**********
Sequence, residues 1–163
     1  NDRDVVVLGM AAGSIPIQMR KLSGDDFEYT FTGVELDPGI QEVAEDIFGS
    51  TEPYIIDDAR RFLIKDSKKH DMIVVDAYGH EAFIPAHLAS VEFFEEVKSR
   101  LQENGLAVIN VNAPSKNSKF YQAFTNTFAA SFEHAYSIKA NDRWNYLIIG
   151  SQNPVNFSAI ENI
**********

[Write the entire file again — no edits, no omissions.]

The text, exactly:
Sequence, residues 1–163
     1  NDRDVVVLGM AAGSIPIQMR KLSGDDFEYT FTGVELDPGI QEVAEDIFGS
    51  TEPYIIDDAR RFLIKDSKKH DMIVVDAYGH EAFIPAHLAS VEFFEEVKSR
   101  LQENGLAVIN VNAPSKNSKF YQAFTNTFAA SFEHAYSIKA NDRWNYLIIG
   151  SQNPVNFSAI ENI